How Much Of Your Workout Is About Attention Versus Intention?

May 22, 2018  |  


It’s nearly summertime in New York City. Everyone is smiling from ear to ear, brunch lines are getting longer, and the gym is packed as early as 6 am. As I like to say, “Sun’s out, buns out.” This is the time of year notorious for summer body goals and round the clock squats and I’ve been on a bit of a fitness journey myself. As an aspiring runner, I try to get my miles in whenever I can because the goal for me is to be faster and, ultimately, more comfortable with my body. I’m a curvy girl who’s never had an issue lifting weights or looking muscular. I even once considered training to compete in a bikini fitness competition because, to me, a woman with muscles is one of the sexiest things ever.

Sadly, to a few of the men in my life, being visibly muscular in that way is a turn off, especially to potential partners. About two years ago, I ran an obstacle race with one of my best friends. It was a grueling process of lifting one another, tires, and climbing over ridiculous obstacles. We came out on the other side of the race muddy with cuts and bruises, but a newfound confidence that we were a lot stronger than we knew. I mentioned wanting to do this race again this year to a man I recently dated and imagine my horror when he remarked that he’s “not interested in dating a man.” I pressed him to explain his statement and he professed, “No man wants to look at traps bigger than his” and went so far as to state that he wasn’t sure why I was working out at all. It bothered me a bit because after hearing this for so long I began to believe it and slowly stopped lifting weights all together.

As I unpacked my reasons for avoiding strength training as rigorously as I used to, I realized that at the crux of my hesitation was this nagging feeling of wanting to be “chosen” or seen as desirable. Which got me thinking, how much of our fitness journeys and health efforts as women are subliminally tied to the idea of being attractive to a potential mate and not for our own gratification? Are men truly intimidated by the idea of a physically strong woman who looks as such? Does being muscular really negate a woman’s femininity? The problem with patriarchy and the way we’ve been socialized is that we believe that being physically strong and feminine are mutually exclusive concepts that cannot co-exist in a woman.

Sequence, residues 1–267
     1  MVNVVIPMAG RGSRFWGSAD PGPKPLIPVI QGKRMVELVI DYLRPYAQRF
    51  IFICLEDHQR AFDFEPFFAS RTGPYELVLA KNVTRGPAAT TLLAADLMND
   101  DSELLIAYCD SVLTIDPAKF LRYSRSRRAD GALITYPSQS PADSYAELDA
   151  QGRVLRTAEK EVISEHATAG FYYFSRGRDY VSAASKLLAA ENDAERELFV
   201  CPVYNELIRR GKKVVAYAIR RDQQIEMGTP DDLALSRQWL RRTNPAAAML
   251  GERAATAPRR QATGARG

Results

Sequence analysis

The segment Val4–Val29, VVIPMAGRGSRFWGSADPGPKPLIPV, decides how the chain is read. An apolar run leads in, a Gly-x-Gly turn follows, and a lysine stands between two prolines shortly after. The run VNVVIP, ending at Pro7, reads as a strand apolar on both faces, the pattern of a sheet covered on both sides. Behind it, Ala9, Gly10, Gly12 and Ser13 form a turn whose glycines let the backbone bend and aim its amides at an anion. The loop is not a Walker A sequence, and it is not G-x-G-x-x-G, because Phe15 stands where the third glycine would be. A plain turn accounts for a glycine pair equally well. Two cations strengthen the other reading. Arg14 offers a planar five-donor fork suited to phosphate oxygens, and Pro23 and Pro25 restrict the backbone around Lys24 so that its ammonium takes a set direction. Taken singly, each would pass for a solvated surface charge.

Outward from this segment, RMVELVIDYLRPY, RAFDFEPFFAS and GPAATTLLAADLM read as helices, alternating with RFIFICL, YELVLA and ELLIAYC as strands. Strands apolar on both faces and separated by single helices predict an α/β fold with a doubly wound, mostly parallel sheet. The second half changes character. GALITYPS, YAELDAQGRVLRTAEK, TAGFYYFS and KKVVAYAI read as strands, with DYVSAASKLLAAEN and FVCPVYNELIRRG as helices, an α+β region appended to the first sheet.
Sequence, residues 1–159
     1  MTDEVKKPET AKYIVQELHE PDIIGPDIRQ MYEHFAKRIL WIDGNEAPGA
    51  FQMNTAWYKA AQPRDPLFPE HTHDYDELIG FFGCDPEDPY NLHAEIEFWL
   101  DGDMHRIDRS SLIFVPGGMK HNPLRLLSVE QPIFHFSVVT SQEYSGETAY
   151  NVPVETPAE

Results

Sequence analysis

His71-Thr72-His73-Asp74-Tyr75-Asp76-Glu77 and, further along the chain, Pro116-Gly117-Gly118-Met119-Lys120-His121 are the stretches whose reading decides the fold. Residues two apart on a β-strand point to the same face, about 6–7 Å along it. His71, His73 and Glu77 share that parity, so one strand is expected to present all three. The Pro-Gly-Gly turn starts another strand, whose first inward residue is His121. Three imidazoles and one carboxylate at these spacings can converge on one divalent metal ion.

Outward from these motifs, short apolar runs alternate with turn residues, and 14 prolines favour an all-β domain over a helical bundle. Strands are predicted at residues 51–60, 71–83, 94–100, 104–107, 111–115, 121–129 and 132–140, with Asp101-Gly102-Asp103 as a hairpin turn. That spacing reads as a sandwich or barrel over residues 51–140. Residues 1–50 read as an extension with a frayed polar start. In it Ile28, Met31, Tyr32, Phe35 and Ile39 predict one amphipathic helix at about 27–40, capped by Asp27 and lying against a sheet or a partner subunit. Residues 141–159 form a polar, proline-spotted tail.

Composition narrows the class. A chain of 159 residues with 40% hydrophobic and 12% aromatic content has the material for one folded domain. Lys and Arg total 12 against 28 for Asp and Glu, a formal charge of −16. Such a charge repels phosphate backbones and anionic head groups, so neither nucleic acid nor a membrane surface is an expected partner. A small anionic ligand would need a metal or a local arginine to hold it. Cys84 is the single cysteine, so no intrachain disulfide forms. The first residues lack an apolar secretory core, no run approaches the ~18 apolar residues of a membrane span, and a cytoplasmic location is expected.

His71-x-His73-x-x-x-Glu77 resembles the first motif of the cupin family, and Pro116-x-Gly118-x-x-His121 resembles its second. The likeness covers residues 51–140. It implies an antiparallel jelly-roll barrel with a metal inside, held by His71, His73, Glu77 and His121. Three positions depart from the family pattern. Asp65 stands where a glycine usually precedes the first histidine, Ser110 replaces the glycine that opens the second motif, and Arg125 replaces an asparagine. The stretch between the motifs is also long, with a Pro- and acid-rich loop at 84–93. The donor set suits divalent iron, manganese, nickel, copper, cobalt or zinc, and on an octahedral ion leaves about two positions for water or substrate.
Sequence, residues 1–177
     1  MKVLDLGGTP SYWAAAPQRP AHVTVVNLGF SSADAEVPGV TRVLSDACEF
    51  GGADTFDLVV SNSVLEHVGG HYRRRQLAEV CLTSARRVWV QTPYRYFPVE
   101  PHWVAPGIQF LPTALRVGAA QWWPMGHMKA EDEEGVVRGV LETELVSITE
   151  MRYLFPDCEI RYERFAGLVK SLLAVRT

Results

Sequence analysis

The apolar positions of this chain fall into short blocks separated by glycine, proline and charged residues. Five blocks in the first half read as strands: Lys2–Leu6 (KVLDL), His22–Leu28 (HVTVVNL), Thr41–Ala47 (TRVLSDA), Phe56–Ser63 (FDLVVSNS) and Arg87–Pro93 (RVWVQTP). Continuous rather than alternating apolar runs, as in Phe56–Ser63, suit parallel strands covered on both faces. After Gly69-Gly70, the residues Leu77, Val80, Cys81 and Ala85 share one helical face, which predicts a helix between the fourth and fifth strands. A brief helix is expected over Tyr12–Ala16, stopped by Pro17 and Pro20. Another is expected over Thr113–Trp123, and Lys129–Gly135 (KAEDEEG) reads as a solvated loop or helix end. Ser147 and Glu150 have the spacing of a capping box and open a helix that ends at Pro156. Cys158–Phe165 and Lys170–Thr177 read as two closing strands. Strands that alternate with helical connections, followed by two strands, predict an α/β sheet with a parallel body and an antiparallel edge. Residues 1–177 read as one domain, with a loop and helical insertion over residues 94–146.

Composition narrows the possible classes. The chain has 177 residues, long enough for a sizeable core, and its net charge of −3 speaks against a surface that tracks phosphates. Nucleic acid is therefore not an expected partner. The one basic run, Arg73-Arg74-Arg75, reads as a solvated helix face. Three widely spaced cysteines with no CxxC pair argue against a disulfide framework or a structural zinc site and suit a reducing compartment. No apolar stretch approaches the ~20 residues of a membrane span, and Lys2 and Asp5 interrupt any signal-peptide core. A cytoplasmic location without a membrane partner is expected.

For so long the idea of strength and muscles has been attributed to men only. The even bigger issue here is that the world still has a hold on the female body. From comments about women in the fitness industry looking too “masculine” to unrealistic expectations and body part fetishes (think waist trainers and butt injections), we’re inundated with mixed messaging that never quite encourages body acceptance one way or another. Think about it, there are more women in the gym sweating on the Stairmaster and worried about only their posterior (or at the very least the parts that seem less threatening to a man) right now than there are men aimlessly doing push-ups. The focus has somehow shifted from actual strength, speed, and agility to solely being able to look like your latest Instagram model in spandex.

While I realize that there is an entire niche community that celebrates women with visible evidence off strength, I can’t help but think that a defined back, quads or glutes — hard-earned testaments to my work in the gym– might take me a bit further away from finding a mate. I’m coming to terms with not only accepting my body as my own but taking ownership of its strength and abilities.Yet I often worry about the women who aren’t at that point yet.

At the end of the day, if you love to lift or flip tires like I do, do it. Earn yourself a body that is not only strong but looks it too, which is all one should ever be worried about. Damn being chosen or seen as “manly” because being “feminine” doesn’t lie solely in softness and coy platitudes. Feminine is strong and sometimes it comes with a six pack and strong quads.

Ladies, does the idea of being muscular prevent you from hitting the gym too hard? Gentlemen, do you really pass over women who are a bit muscular?

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